militarization of polic

Donald Trump Has Authorized The Police To Use Weapons of War On Communities of Color

President Donald Trump has authorized local police authorities to have uncurtailed access to military grade equipment “including armored vehicles, grenade launchers, high-caliber weapons and camouflage uniforms,” ending an Obama-era restriction that prohibited the same. It will also give law enforcement unrestricted access to “federally provided drones, explosives, and Mine Resistant Ambush Protected Vehicles.”

President Obama banned local law enforcement from accessing military gear and technology after the protests and reactions in Ferguson, Missouri, stating, “We’ve seen how militarized gear can sometimes give people a feeling like there’s an occupying force as opposed to a force that’s part of the community that’s protecting them and serving them. It can alienate and intimidate local residents and send the wrong message.” Trump campaigned on ending this restriction — known as Executive Order 13688 — and made good on his promise last Monday, when he issued a directive rescinding Obama’s order.

Make no mistake: this new directive is a clear indication of state violence against communities of color.

Human rights and civil rights groups have come out forcefully against the order. Human Rights Watch has claimed that “lifting the restrictions in the aftermath of Charlottesville raises fears the weapons will lead to new abuses. The fears are justified.” The American Civil Liberties Union expressed alarm too, stating that “weapons of war will again be used to police our communities, no questions asked,” and that your town “could be the next Ferguson or Fallujah.”

As Stanford law professor David Sklansky argues, police militarization has a disproportionate effect on communities of color, reminding us that “you don’t tend to hear about police using battering rams and stun grenades to execute search warrants in white neighborhoods.” Sklansky points to ACLU’s review of SWAT deployments in police departments earlier this year, where they found that “the disparity was truly astounding. In Allentown, Pa., blacks were 24 times more likely than whites to be impacted by a SWAT deployment. In Ogden, Utah, the ratio was 40:1. In Burlingame, N.C., it was close to 50:1.” The ACLU’s report indicates how a militarized police turns communities of color into veritable war zones, with senior counsel Kara Dansky stating that “these paramilitary raids disproportionately impacted people of color, sending the clear message that the families being raided are the enemy.”  This should come as no surprise to any student of history — police militarization and the use of military tactics on civilians in America has always been a response to the problem of race, not the problem of law and order or crime.

But one doesn’t need a Stanford professor or a human rights group to tell you the new order is racially motivated: Jeff Sessions, in announcing the directive to an audience of law enforcement officials last week, confessed as much in coded terms. “We are fighting a multi-front battle,” he said, “an increase in violent crime, a rise in vicious gangs, an opioid epidemic, threats from terrorism, combined with a culture in which family and discipline seem to be eroding further and a disturbing disrespect for the rule of law.” The “increase in violent crime” and “rise in vicious gangs” are clear nods to Black and Latino communities, both of whom have been targeted by Sessions and Trump in the past. Sessions also neglects to mention that violent crime has been declining for years, that despite fluctuations — mostly caused by aberrations and upticks in specific cities — “violent crime still remains near the bottom of the nation’s 30-year downward trend.” Crime experts have argued that year on year variations reveal little about the rise in crime, and long-term trends are more useful, indicating that Sessions’s statements are little more than an attempt to stir the public into panicking and supporting the over-policing of brown and black bodies in the name of “security.” Sessions’s warning of “threats of terrorism,” too, ring hollow, and may be nothing more than a call for increased military surveillance on Muslim communities, on the heels of Trump’s Muslim ban. Indeed, the biggest terrorist threat still remains attacks by homegrown white supremacists — something a militarized police would only collude with, not combat.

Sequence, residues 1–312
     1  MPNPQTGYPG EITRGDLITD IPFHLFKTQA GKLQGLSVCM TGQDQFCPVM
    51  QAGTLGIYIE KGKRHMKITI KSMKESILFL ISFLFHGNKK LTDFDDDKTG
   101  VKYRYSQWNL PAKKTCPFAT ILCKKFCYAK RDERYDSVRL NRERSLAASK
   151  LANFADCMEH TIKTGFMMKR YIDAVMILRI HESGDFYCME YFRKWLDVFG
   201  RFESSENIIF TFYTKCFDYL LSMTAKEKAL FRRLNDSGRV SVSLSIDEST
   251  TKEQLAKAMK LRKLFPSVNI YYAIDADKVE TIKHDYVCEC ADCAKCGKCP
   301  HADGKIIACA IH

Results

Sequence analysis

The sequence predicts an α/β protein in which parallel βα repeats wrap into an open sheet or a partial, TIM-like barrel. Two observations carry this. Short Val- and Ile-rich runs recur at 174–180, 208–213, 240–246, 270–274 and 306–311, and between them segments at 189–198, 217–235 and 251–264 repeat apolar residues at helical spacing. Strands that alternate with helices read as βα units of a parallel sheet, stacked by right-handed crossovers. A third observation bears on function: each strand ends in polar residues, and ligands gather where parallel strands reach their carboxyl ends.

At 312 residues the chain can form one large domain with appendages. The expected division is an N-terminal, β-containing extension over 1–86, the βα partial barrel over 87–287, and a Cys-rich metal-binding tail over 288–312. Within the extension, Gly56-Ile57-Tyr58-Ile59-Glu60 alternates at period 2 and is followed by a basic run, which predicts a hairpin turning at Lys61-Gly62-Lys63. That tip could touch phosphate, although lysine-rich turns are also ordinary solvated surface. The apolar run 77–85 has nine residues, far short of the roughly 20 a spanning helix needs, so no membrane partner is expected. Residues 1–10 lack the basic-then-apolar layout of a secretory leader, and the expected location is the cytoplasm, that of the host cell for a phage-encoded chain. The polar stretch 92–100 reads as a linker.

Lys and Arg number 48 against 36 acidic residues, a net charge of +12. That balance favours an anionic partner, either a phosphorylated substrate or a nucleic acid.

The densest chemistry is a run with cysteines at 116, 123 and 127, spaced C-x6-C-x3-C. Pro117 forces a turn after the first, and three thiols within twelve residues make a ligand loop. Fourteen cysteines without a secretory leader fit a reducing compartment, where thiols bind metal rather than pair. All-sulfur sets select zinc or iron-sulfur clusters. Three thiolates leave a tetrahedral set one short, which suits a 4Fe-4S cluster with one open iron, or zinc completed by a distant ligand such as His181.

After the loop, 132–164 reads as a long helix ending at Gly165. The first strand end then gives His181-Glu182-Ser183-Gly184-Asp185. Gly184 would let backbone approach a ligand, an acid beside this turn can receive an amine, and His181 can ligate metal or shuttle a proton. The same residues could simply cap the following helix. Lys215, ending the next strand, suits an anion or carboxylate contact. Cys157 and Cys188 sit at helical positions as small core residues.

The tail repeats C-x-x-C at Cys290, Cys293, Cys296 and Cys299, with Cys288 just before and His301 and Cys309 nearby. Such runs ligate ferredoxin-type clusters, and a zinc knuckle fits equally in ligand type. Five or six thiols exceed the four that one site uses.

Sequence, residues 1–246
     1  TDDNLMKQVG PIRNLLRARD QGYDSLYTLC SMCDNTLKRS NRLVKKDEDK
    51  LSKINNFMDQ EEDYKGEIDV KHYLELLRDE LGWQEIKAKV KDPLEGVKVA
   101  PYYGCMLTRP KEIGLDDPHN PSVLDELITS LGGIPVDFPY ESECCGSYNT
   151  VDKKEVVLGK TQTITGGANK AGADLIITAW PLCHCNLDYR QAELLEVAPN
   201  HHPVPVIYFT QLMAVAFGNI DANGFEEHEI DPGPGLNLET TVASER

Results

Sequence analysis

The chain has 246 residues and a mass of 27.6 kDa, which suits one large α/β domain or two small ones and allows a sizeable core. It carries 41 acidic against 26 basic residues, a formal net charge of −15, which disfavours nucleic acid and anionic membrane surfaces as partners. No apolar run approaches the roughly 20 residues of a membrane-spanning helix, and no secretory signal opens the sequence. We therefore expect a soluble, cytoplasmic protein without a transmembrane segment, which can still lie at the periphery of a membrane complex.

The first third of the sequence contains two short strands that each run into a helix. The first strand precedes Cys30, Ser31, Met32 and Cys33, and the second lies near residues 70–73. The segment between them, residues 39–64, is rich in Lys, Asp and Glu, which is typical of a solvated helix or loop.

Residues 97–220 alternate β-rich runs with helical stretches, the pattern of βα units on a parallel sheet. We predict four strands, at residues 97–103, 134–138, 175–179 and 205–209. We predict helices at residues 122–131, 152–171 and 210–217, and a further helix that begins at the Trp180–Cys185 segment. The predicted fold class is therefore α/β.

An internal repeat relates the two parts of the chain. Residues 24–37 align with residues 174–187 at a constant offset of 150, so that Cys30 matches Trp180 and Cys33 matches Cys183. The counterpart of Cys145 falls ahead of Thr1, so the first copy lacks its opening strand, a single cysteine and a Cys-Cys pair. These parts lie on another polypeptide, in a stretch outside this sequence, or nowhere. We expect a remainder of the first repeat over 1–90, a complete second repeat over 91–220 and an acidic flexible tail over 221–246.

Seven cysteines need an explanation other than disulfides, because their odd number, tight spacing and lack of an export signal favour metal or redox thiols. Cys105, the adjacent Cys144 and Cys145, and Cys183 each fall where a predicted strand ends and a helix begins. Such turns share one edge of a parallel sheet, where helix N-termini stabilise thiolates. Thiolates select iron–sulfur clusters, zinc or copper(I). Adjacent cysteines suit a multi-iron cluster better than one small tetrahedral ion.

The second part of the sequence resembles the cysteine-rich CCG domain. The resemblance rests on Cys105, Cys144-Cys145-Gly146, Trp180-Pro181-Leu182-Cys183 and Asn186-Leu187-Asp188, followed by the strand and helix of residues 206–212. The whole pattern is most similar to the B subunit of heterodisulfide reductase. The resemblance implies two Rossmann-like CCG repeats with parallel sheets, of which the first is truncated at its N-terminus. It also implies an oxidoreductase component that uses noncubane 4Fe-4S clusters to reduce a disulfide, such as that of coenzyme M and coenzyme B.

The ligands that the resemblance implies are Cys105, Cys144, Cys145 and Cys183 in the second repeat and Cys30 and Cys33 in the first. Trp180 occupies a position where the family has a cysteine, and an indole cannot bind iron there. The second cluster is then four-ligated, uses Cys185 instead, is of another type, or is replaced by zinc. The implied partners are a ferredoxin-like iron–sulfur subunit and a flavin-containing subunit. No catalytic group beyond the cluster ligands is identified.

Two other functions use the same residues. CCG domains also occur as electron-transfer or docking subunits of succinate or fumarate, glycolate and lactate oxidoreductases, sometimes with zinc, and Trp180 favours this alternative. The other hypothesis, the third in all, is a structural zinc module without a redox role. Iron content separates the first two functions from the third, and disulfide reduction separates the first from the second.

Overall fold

The latest order must make it clear to us, if it wasn’t already, that the Trump Administration thinks of itself as at war with communities of color, and it has equipped itself in preparation for the same. Militarized violence is always horrifying whether perpetrated home or abroad — and this move should be seen as the latest one in an endorsement of white supremacist ideology in both the Trump government’s domestic and foreign policy: a necessary extension of the evils bloodshed of American imperialist warfare on its own. Resistance, in all forms, has not just become a matter of ideological choice at this point — it is a moral imperative to save this country’s most vulnerable minorities.

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Meg is a law student in California. She's interested in law and politics, intersectional feminism, criminal justice, human rights, freedom of the press, the law and feminism, and the politics of South Asia.

Meg is a law student in California. She's interested in law and gender, race and criminal justice, human rights, cats, and sports.

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